*For the record, I don't think natural remedies are bunk; I just really don't think you need to try and override a doctor's advisement when you know nothing of which you are speaking.
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Rohanna

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Re: Using guests as free labour.
« Reply #51 on: December 10, 2011, 12:27:11 PM »
I agree - I mean the "typical" turkey dinner is pretty kid-friendly, so to serve them something so differ t is very alien to me. I don't object to kids meals in theory, just in this instance they seem unnecessary and against the spirit of the season. It's not like at a wedding where the food comes plated and your worried they will not like the bouillabaisse and they'll waste the lamb - you just plate them an appropriate portion of corn turkey and taters ....
My friends, love is better than anger. Hope is better than fear. Optimism is better than despair. So let us be loving, hopeful and optimistic. And we’ll change the world. ~ Jack Layton.

Mental Magpie

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Re: Using guests as free labour.
« Reply #52 on: December 18, 2011, 04:18:46 PM »
I agree - I mean the "typical" turkey dinner is pretty kid-friendly, so to serve them something so differ t is very alien to me. I don't object to kids meals in theory, just in this instance they seem unnecessary and against the spirit of the season. It's not like at a wedding where the food comes plated and your worried they will not like the bouillabaisse and they'll waste the lamb - you just plate them an appropriate portion of corn turkey and taters ....

On a similar note, what about nutrition? I would have happily had only mac and cheese for dinner (but not on Thanksgiving!) as a kid, but my mom never would allow it because there is not enough nutrition in it alone.

Also, I can't believe no adults intervened. That makes me angry for the OP.
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Dr_Manners

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Re: Using guests as free labour.
« Reply #53 on: January 29, 2012, 03:35:32 PM »
This reminds me of something that happened when I was a teenager.  My aunt and uncle (mom's brother and his wife) were hosting a family Thanksgiving that included both sides of the family (meaning, the family I was related to through mom/uncle, and my aunt's siblings and their children).  In general, this isn't an issue.  We have all met my aunt's siblings and their children many times, and we all got along famously...for the most part.

At this particular Thanksgiving, my aunt and uncle had gone to great lengths to set up the table so that we could all sit together.  In their basement, they rented and set up an extra long dining table with three extensions put in.  This meant that all 16 people in attendance (children and adults) could sit together.  Both my uncle and aunt are the youngest of their particular siblings, and grew up hating the notion of a "kids' table," since being the youngest relegated each of them there well in to early adulthood.  It was well organized, very thoughtful on their part, and made for a nice familial setting.

Well, that is, until my aunt's older sister showed up with her 8 year-old daughter in tow.  Aunt's sister, who I will call Karen, had made it clear that she and her "precious angel" (her words, not mine), would not be in attendance at Thanksgiving.  As such, 16 people RSVP'd, and 16 places were set at the table (which was rented to seat, you guessed, 16).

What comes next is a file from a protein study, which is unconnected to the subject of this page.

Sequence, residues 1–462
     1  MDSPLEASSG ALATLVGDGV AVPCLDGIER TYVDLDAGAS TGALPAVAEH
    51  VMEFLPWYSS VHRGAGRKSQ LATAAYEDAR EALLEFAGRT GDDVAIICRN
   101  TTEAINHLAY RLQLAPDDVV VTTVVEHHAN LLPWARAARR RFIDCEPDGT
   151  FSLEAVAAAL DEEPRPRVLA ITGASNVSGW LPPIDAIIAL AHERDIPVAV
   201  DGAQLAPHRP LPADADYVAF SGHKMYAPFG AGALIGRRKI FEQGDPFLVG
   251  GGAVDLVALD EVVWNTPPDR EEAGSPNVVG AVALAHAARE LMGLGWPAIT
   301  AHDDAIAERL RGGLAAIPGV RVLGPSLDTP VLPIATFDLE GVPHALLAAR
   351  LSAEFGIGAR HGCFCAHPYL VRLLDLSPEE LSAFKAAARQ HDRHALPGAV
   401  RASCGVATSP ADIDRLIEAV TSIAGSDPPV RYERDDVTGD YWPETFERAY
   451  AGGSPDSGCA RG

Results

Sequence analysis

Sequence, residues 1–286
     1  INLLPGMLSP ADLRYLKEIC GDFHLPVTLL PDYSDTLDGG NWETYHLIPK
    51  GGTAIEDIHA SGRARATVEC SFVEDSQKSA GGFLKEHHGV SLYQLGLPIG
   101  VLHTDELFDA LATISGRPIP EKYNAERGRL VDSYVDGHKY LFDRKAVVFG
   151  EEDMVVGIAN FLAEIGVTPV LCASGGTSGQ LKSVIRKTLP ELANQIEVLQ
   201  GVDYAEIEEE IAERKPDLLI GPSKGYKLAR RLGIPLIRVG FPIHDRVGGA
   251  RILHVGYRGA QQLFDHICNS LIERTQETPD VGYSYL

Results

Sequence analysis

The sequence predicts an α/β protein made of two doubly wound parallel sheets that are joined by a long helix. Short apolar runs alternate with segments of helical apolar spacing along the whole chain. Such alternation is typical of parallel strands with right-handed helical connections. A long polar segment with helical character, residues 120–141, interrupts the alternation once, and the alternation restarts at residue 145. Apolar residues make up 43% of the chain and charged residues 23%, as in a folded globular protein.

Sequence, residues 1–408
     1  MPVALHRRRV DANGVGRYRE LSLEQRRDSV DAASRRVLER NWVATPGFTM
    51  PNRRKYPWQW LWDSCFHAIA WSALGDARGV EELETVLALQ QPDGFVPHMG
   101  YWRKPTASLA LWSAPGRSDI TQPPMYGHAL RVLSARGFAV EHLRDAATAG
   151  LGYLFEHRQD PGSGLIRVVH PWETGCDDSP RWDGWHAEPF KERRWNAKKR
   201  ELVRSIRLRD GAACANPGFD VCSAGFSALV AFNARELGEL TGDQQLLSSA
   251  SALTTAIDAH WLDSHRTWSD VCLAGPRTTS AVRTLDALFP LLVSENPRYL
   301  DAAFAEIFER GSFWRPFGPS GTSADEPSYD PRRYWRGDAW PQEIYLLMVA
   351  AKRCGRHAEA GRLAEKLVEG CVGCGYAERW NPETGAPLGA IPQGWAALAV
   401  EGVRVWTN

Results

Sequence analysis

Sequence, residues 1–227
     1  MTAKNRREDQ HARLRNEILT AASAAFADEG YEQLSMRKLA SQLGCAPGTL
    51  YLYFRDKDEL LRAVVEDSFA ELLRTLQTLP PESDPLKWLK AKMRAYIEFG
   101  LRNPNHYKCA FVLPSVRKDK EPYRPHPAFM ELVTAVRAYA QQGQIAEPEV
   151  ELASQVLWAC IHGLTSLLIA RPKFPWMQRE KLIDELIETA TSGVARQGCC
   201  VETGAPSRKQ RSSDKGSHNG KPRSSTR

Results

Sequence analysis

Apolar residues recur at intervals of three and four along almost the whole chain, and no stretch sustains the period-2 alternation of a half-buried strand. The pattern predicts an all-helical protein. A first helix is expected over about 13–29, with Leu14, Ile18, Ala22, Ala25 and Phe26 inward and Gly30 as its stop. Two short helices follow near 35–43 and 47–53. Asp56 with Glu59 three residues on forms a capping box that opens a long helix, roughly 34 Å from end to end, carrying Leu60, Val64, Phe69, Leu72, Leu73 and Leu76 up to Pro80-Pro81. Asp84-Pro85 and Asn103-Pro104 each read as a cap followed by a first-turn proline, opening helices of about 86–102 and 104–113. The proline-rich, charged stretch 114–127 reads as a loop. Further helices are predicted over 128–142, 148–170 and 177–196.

When Karen noticed that there were not enough places at the table, Aunt made a mad dash to the neighbor's house to borrow two folding chairs from them in order to accommodate Karen and "Precious".  She then spent 15 minutes rearranging the table, the seating, the place settings, the food, the candles...everything.  Karen was not happy still, because that meant things would be too crowded.

Karen then set up folding trays in the living room (upstairs from the rest of the family), for my sister and I to eat at.  Since we were the oldest of the kids in attendance (my sister being 18 while I was 15), Karen thought we would best handle eating alone.  The other kids, she felt, would be too upset to handle it.  Aunt, a normally lovely woman, didn't say a word about it (perhaps out of fear of a very domineering older sister...but, that is just my speculation).  Uncle was busy frying the turkey on the back patio (yummy...fried turkey) to notice the commotion inside.  And, thus, the people hosting did not object.

When my parents finally noticed what was happening, the family was sitting down to eat (with my sister and I banished to the living room alone).  My father asked why my sister and I were put upstairs, to which Karen responded "Oh, well, it would be crowded with 18 of us so I thought it best that they eat upstairs, they'll be fine."  Aunt and Uncle just stayed quiet, while the rest of the adults' mouths hit the floor.  This was not going to fly with my parents who filled their plates along with everyone else, then stood up with their plates, silverware, and glasses and marched upstairs.  When Aunt asked mom what was going on, she stared right at Karen and said "if our children are not sitting at this table, then neither are we."  :)
« Last Edit: January 29, 2012, 03:38:35 PM by Dr_Manners »

AmethystAnne

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Re: Using guests as free labour.
« Reply #54 on: January 29, 2012, 04:49:25 PM »
Dr. Manners, you've got good parents!

Venus193

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Re: Using guests as free labour.
« Reply #55 on: January 29, 2012, 05:12:37 PM »
By the gods.

I'm glad the writer never had to experience another holiday at Linda's house.  She sounds like a nightmare and a half.  I would have found a way to leave.

Asharah

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Re: Using guests as free labour.
« Reply #56 on: January 29, 2012, 05:48:56 PM »
Dr_Manners, I'm sure the OP would have loved to have had parents like yours.
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kherbert05

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Re: Using guests as free labour.
« Reply #57 on: January 29, 2012, 07:08:04 PM »